Whether you are a designer, non-designer, or client in the IT industry, you will certainly be involved in design critique at some point in time – visual designs, prototypes, images, or sketches. This post indicates common mistakes during a design critique and how to provide actionable feedback to the designer to produce the best possible design. Critique is “a formal discussion of the good and bad points of a particular design.” This is the first post of a two-part series using the “Say This Not That” format.
Instead of saying… “Make it more modern”
Try saying…“Could we use a mobile navigation style like the [example app]?”
Examples, examples, examples! “Modern” is not specific enough to elicit an action from the designer. To best communicate what you consider as “modern” design, provide examples – preferably examples in the relevant industry. If you are someone without a design background, giving examples is a productive way to communicate to the designer. Also, take note of which aspect of the design needs to be updated to achieve modernity. Is it the interaction that seems old-fashioned? Or is it the color palette? Perhaps the imagery? Just remember, the more specific you are with designers the better they will be able to understand what you want and produce it.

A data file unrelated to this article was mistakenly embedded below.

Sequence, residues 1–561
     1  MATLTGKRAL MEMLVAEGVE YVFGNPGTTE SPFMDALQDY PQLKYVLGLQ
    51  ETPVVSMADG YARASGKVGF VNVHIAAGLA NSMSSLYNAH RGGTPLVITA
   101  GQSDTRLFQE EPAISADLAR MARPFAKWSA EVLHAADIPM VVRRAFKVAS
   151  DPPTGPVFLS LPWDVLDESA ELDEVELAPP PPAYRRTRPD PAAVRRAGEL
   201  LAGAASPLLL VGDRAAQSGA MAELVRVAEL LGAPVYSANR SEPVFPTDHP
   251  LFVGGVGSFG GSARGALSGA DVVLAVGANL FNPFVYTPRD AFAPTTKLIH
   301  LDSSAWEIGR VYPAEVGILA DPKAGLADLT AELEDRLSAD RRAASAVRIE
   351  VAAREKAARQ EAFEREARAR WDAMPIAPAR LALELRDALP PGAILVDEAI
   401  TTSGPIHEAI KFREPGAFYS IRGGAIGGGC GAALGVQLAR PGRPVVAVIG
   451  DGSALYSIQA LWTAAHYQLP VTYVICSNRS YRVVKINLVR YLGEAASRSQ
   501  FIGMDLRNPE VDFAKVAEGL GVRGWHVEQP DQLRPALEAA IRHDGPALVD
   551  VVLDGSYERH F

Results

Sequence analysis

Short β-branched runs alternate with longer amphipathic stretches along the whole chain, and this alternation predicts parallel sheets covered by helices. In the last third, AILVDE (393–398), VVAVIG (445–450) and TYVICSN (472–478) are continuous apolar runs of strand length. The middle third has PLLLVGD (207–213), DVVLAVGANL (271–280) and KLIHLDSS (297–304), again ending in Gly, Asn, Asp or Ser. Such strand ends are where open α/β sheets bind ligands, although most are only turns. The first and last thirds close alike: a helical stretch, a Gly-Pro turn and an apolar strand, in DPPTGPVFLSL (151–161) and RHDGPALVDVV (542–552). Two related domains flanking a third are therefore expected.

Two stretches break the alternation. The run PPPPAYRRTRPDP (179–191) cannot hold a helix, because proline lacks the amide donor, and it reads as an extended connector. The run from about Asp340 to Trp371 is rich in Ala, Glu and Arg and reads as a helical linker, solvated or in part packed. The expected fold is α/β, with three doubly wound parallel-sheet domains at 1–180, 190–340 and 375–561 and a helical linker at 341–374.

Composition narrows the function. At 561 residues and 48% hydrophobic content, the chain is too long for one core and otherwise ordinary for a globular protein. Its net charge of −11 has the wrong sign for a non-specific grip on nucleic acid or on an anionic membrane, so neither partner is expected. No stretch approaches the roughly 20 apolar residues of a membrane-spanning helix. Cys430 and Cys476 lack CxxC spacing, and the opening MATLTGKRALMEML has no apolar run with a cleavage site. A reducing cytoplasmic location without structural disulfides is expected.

What are some common miscommunications you’ve experienced or observed during a design critique? Share in the comments!
Good UX Means Good Business
In a world where technology is rapidly advancing and user expectations are rising, it’s no longer enough to have an average user experience; to delight your users and surpass your competition you must strive for the exceptional.
Cascade SF Meetup Group with Braden Kowitz from Google Ventures